Notification and Legal Activities for At-Risk Investments
Whenever you invest in a business, you generally sign some form of a legal document that sets your rights as an investor. Typical legal entities and their respective documents are as follows:
- Partnerships – Partnership Agreement
- S-Corporation – Shareholder Agreement
- Limited Liability Company – Membership Agreement
- Trust – Trust Document or Court Authorization
- Estate – Court Order or an Irrevocable Trust Document
All of these entities are referred to as Pass-Through entities as the respective tax issues are passed along to the respective investor. The most commonly used reporting tool is Form K-1 from the entity’s tax return. As an example, a partnership will file Form 1065 with the IRS and attach a copy of all the K-1’s listing the respective partner’s name, address, social security number and their assigned tax attributes. In addition, the K-1 will provide the tax basis balance of the respective partner to the IRS. This is a key to you as an investor, as long as that tax basis is positive and this entity has assigned you losses, you are generally allowed to deduct those losses on your personal tax return.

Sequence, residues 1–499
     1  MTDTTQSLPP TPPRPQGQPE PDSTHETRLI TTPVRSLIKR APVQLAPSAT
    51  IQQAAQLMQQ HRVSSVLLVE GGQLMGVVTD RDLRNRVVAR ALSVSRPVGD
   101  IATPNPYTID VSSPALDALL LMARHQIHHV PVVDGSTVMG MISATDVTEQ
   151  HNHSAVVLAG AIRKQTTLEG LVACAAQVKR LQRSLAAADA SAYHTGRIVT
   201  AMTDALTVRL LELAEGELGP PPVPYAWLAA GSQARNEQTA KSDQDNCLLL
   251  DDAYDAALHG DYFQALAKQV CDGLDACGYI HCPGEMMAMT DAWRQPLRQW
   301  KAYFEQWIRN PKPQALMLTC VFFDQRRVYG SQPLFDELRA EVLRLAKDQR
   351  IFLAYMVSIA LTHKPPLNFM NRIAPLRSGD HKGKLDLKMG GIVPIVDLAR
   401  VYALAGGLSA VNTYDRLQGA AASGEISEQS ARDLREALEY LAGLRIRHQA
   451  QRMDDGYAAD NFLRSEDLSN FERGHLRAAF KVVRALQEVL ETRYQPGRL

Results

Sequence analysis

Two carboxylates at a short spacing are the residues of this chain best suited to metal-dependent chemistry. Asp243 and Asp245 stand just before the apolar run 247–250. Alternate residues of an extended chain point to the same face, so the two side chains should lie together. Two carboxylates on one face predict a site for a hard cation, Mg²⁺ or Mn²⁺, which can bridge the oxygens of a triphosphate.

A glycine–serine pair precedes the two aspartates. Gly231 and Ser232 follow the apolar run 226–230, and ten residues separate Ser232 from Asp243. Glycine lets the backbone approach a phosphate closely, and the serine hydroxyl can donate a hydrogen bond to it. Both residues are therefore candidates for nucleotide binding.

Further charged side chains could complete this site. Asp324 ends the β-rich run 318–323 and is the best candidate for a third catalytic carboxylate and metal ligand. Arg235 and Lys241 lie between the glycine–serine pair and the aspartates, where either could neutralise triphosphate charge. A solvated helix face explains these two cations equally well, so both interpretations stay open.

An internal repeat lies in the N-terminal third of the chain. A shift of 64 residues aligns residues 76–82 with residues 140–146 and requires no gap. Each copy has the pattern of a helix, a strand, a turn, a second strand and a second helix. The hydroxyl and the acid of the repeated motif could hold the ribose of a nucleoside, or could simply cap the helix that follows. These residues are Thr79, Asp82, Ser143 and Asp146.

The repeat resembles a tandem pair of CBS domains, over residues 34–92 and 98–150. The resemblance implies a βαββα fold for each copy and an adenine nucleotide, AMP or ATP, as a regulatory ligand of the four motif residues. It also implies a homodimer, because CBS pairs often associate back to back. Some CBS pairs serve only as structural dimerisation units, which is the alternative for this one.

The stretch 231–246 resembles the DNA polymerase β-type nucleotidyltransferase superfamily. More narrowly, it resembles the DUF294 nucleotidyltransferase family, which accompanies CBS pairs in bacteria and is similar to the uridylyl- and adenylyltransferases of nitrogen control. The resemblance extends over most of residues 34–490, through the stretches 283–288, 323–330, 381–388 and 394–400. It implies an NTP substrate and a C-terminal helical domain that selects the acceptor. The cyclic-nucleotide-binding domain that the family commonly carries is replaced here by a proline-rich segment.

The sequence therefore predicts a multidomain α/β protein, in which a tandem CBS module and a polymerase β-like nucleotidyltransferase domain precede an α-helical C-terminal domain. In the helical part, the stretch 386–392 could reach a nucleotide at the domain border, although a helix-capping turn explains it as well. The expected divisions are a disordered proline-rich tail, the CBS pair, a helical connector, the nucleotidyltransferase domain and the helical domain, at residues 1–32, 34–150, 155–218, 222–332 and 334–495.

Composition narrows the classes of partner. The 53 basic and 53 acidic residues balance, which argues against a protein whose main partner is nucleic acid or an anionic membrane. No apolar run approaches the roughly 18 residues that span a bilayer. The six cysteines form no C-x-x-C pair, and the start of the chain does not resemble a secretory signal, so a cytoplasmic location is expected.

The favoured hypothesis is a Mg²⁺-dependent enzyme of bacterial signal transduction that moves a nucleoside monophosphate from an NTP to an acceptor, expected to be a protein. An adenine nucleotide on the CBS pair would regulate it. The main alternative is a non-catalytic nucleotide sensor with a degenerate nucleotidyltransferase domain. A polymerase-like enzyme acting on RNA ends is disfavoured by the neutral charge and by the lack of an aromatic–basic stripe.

One of the primary tests to be able to take this assigned loss is the legitimacy of the business activity. Code Section 465 defines this as any activity engaged in as a trade or business for the production of income. However, the activity must be legal as defined by the state and the federal code. If the activity is a drug distribution system, the losses will not be allowed as this is against federal law. Currently, the only activity that is in question will be those marijuana stores selling under Colorado law. I’m pretty confident there will be federal court case and ultimately a Supreme Court decision related to losses from those investments.
There are some restrictions as defined by the Code and it relates to investments prior to 1987. If this is your situation, seek out professional advice.
The first step in the at-risk rules scenario is defining your position within the financial structure of the business investment. There are two types of investors – Active and Passive. Typically active investors are involved in the day to day operations of the business. This is the more common type of investment owner and pretty much normal. Passive investors are usually referred to as limited investors and are only involved in the management hiring process. The rules are slightly different related to the two different types of investors.
For those investors defined as passive, you have an additional set of rules to follow. These are referred to as passive activity limits. This is discussed in a separate article; suffice it to say that the losses sustained can only be deducted against income from a similar activity. In effect, passive investors have a more restrictive ability to deduct the loss.
To determine the amount available or at-risk, the investment must pass certain tests. They are as follows: